• Parents have to pay a registration fee, extra curriculum fee and tuition fee
  • Been operating for over 40 years, but there are new schools around
  • School fee is more expensive compared to public school fees
  • Syllabus offered is similar to the syllabus at government schools
  • Facilities such as swimming pools, music rooms, science labs and computer labs are provided, and are generally more than what’s offered at public schools.
  • Focuses on the English language, Malay language, Mandarin and Tamil
  • Smaller class sizes compared to public schools


  • Sponsored by the government
  • Inclusive of primary and secondary education
  • Minimum school fee
  • Syllabus determined by the Education Ministry of Malaysia
  • Basic facilities provided include science labs, libraries, computer labs and outdoor school fields
  • Focuses on the national language which is Bahasa Malaysia, as well as Mandarin and Tamil for SRJK and SMJK
  • Big classes with an average of 30 to 40 students in each class

Choosing the right international school

You’ll have to take a few things into consideration before choosing an international school to enrol your child in.

Know the school and see to the following

  • Size of the classes. How many students are in each class?
  • What are the yearly activities held at that school? Do they have activities in the first week of school?
  • How are new students treated in class? Are they welcomed by other students?
  • Is there counselling provided for students?
  • Are parents notified on their child’s progress? If so, how often?
  • Does the school provide special learning?


  • What educational approach is practised by the school?
  • Are the courses offered sufficient for your child’s development?
  • What are some after school activities offered? Are they of your child’s interest?
  • How does the school evaluate their students? Through exams? If through exams, how often and what exams?
  • How many school graduates have landed spots in well known universities?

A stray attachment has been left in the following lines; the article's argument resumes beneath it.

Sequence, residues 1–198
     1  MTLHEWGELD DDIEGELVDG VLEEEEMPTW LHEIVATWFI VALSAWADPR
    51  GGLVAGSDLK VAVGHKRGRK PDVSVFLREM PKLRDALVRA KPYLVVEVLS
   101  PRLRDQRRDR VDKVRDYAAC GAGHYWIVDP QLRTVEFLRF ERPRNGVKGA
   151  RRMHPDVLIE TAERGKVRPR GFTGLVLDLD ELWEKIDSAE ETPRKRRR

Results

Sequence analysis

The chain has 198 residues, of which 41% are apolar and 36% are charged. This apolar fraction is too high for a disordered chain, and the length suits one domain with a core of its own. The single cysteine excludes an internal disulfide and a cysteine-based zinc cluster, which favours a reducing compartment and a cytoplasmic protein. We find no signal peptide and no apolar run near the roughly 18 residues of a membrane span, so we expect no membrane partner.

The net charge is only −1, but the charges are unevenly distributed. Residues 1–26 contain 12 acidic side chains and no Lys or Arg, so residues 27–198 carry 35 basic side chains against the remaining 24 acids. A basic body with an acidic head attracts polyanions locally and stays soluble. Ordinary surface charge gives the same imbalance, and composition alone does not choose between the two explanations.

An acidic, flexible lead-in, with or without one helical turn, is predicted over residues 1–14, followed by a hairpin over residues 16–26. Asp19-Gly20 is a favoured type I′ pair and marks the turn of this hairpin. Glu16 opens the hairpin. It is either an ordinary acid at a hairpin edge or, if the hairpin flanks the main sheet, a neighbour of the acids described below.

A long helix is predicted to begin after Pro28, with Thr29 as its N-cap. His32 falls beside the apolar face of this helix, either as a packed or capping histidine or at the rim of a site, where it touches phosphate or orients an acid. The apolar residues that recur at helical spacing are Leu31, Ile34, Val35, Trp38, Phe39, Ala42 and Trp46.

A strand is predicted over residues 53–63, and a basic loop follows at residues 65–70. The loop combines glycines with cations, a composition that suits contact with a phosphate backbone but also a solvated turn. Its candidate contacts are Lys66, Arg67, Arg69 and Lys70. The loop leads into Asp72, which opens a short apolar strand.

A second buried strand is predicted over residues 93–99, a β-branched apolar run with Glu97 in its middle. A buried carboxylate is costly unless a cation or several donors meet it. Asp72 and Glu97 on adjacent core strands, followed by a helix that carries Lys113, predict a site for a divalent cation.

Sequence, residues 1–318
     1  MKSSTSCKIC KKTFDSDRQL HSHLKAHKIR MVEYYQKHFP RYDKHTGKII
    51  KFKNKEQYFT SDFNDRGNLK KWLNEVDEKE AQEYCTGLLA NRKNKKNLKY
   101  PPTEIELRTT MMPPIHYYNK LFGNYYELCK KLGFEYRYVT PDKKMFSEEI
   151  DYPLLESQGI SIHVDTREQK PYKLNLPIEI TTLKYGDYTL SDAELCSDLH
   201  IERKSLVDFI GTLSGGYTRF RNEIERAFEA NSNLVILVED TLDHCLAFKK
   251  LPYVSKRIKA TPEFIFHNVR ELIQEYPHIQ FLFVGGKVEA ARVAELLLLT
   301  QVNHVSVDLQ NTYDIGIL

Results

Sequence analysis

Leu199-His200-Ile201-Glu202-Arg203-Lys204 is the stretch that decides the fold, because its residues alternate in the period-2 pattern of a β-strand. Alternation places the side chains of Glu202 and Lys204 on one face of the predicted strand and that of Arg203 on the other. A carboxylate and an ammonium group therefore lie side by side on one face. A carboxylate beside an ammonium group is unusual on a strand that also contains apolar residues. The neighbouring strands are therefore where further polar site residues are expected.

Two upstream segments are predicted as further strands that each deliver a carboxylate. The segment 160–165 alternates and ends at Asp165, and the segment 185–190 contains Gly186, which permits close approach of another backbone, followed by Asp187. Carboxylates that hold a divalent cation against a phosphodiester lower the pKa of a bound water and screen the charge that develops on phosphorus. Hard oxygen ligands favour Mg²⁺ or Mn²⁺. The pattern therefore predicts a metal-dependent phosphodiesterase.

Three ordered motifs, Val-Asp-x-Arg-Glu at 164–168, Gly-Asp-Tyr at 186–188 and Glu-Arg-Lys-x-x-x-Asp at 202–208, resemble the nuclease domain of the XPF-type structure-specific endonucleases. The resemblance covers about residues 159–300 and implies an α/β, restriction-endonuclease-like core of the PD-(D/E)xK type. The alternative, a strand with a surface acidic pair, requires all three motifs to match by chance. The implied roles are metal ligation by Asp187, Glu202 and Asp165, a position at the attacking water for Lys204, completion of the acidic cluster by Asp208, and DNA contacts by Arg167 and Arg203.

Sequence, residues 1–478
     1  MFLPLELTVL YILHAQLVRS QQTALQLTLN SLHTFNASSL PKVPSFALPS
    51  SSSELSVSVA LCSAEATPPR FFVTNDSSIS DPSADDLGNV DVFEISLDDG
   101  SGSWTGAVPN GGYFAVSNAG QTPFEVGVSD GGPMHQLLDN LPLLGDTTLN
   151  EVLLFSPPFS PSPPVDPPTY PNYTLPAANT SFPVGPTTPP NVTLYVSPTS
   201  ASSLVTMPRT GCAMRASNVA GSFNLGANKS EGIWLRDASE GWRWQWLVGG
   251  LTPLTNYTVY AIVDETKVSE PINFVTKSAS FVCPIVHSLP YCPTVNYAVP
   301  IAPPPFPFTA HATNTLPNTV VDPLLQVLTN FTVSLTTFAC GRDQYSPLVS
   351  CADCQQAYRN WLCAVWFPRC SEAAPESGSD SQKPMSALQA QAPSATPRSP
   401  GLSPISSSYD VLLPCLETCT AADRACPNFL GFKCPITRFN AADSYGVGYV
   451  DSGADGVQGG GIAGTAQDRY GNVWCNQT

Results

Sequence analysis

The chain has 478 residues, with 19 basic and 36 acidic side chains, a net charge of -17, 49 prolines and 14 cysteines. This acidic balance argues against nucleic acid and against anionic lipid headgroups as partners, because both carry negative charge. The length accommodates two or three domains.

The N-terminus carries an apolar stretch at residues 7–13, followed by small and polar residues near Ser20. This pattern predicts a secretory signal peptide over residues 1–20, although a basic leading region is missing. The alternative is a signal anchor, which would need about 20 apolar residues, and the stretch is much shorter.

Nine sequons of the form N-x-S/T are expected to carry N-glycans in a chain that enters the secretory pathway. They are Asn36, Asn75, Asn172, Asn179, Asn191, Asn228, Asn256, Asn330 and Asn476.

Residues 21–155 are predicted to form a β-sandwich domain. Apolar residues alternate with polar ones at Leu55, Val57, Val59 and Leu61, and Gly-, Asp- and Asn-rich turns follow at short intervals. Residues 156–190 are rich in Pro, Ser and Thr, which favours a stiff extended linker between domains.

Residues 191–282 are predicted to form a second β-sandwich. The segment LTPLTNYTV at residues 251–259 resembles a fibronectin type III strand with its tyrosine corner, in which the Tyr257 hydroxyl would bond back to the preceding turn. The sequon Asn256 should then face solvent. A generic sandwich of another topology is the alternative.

The teachers

  • What are the teachers’ backgrounds?
  • Are they fully qualified?
  • What are the teaching methods used by the teachers to encourage and help their students do their best at school?
  • Are the teachers loving, caring and open-minded?
  • Do the teachers willingly provide extra classes for students?

School recognition

  • Is the school well recognized overseas?
  • When was the school founded? Since then, how much has it achieved in the academic sector?
  • What are the facilities provided for students and are they well maintained?
  • What is the school’s policy when it comes to extra classes?
  • What are the safety features provided in the school? Are there CCTVs installed in the school compound?
  • Does the school vow to bear all responsibilities once your child sets foot inside every day?

How can you, the parent, be involved?

  • What are parents’ roles in the school? Are parents notified when there is an activity?
  • Does the school welcome parents to watch and support their child at certain activities?
  • Are parents’ allowed to provide feedback on their educational approach?
  • Are parents notified when exam results are out? If so, how is it done?

All these questions would help in deciding which school to enrol your child in. However, don’t rush when making this decision. Take your time and observe the schools that are on your list. List down the pros and cons of each school so that you can make your choice, but remember that it’s your child who is going to be spending the most time there, so, do include him or her when making that decision.

Include your child

As a parents, you’d probably know some of your child’s interests. The best way to confirm this is by asking your child what he or she hopes to learn in school. Generally, children get more excited to know they are attending a school they genuinely like, instead of being told they are going to a certain school merely because their parents have decided that it’s the best.

Remember, while you might think you’ve made the right choice, if your child absolutely detests the school, there will be little or no genuine interest to learn and participate in school activities.